A novel by Peg Cheng, Draft 1
Chapter 5: Snickers
The salty, oily aroma of french fries smacked Sahar in the face as she pushed open the door of the women’s bathroom and stepped out into the crowded Burger King. Her stomach growled but she ignored it and headed outside. Though it was mid-October, the air in Redding, California was hot and dry. Sahar was grateful that in a little over two hours they’d be in Oregon, where she had heard there were Christmas-like trees everywhere.
Groups of passengers stood near the bus, smoking, chatting, and eating greasy fries straight out of the bag. Sahar eyed the bags as she passed by, making sure not to make eye contact with any of their owners. She glanced at the open bus door but the thought of getting back on made her legs ache even more. She walked to a part of the parking lot where there were less people, but where she could still hear the driver calling out boarding time.
She lifted one leg behind her, grabbed her foot with one hand and stretched it back until pain coursed through the front of her thigh. She did not wince, just held her position for a few minutes, then repeated with the other side. Next, she stood with her feet close together and placed her purse on top of them. She stretched both arms up as far as they could go and closed her eyes.
Sahar dropped her arms hastily and straightened out her open coat. It was the Snickers Man, holding out a pack of cigarettes. She shook her head no and stretched her arms straight out in front of her rather than above.
Snickers Man put away the pack and lit the cigarette in his mouth. Long inhale and even longer exhale. “So, where you headed?”
Sahar kept her face a calm mask but her eyes scanned the immediate area. Plenty of people around. No need to panic.
Snickers Man smiled. “Silent type, eh?” He blew a puff of smoke away from her. “How’d you like that candy bar?”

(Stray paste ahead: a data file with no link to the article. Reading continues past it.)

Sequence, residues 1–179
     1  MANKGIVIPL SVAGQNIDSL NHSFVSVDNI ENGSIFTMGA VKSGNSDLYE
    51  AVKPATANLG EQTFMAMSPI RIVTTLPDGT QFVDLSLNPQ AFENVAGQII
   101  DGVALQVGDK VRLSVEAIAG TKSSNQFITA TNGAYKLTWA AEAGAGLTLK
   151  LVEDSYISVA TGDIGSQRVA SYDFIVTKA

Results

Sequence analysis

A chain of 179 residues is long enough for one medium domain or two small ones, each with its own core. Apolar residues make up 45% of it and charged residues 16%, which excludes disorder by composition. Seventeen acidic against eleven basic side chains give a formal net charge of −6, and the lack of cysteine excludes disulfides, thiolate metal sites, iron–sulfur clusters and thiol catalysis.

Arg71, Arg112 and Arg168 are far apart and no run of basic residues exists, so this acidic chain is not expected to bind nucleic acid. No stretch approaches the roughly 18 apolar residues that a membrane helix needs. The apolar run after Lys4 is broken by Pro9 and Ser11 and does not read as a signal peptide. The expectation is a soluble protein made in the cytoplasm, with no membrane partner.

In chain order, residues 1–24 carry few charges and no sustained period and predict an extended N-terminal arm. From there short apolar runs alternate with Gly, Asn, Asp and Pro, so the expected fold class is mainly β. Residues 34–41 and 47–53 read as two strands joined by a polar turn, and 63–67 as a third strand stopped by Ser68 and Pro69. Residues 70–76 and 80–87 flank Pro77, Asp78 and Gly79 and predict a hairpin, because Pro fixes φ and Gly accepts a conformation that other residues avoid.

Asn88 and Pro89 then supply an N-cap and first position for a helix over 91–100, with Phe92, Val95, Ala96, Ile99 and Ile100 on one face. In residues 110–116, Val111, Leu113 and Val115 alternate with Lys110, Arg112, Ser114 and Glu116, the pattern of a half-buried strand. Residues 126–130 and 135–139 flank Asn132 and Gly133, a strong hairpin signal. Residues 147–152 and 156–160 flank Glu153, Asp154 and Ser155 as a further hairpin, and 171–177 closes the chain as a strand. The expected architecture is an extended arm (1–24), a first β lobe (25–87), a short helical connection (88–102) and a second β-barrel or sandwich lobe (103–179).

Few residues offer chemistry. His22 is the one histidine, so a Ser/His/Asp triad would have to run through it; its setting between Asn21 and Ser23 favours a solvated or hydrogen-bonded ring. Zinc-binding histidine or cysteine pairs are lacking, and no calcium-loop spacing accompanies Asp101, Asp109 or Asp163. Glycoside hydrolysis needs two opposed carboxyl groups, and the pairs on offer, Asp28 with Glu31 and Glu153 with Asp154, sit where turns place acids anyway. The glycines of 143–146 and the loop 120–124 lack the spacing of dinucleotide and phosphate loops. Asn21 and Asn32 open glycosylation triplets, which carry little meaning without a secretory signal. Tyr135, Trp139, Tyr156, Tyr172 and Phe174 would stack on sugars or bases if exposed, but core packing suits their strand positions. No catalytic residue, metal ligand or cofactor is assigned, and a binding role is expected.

Sahar resisted answering back but she was raised to be polite. She mumbled, “It was good…thank you.”
“I got another one–”
She shook her head.
“You sure? It’s just in my pack. I can get it right now–” Snickers Man made like he was going back toward the bus.
“No.” Sahar softened her voice. “No, thank you.”
“Where you from?” He motioned in the air with his cigarette. “I hear an accent.”
“No, I mean where are you really from?”
Sahar avoided his gaze. “Sac–Sacramento.”
Snickers Man laughed. “Now, you’re just shitting me.” He playfully swiped the air near her. “C’mon, tell me.”
Several people walked by and Sahar tried to make eye contact with them. They just kept walking. Snickers Man opened both arms wide. “Hey, why don’t you answer me?”
Sahar spied the bus driver climbing the steps onto the bus. She reached down for her purse. As she did, the ring around her neck came loose from under her collar and dangled in front.
“Nice rock. You married?” He took a long drag on his cigarette and blew out. “Or divorced?”
Sahar walked away without answering, pulling her purse close to her body. Snickers Man called after her, “Hey! Hey, c’mon.”
After she got on the bus, the driver leaned out the door and yelled, “Five minutes, everyone!”
Sahar sat down in her old seat by the window and placed her purse on the seat next to her. She tucked in her necklace and buttoned her coat all the way up. Her hand reached into her coat pocket and stayed there. Passengers straggled slowly onto the bus. Her heart started beating faster and faster. She looked out the window, scanning the line of passengers.
“Hey.” Snickers Man grabbed her purse and sat down next to her. Too close. He dropped her purse onto the floor and leaned in. He placed his hand on her knee. “You never answered my question–”
Quick as a flash, Sahar flipped out a switchblade from her coat pocket and pushed the tip of the knife against the man’s side right above the waist. The blade was only five inches but it was sharp enough to do some serious damage. Sahar’s blood pounded so hard in her ears that she thought she was going to have a heart attack.
“What the–?” The man jolted up. He shoved his way back towards his original seat, saying loud enough for everyone to hear, “Psycho bitch.”
Sahar face flushed as she closed the blade and slipped it back into her pocket. Passengers turned to look at her. The men filed away in their brains: don’t hit on that one. The women gave her a knowing look: been there, sister.
It took a good hour for her breathing to return to normal. It took another four hours for her to stop worrying. But when Snickers Man finally disembarked in Portland, he glanced back at her with a strange look. It took a minute for her to register what it was. Fear. Dear God, it was fear. When the bus took off again, she smiled to herself, settled back in her seat, and stroked the switchblade in her pocket as if it were a pet mouse.
Photo of Snickers candy bar by Evan-Amos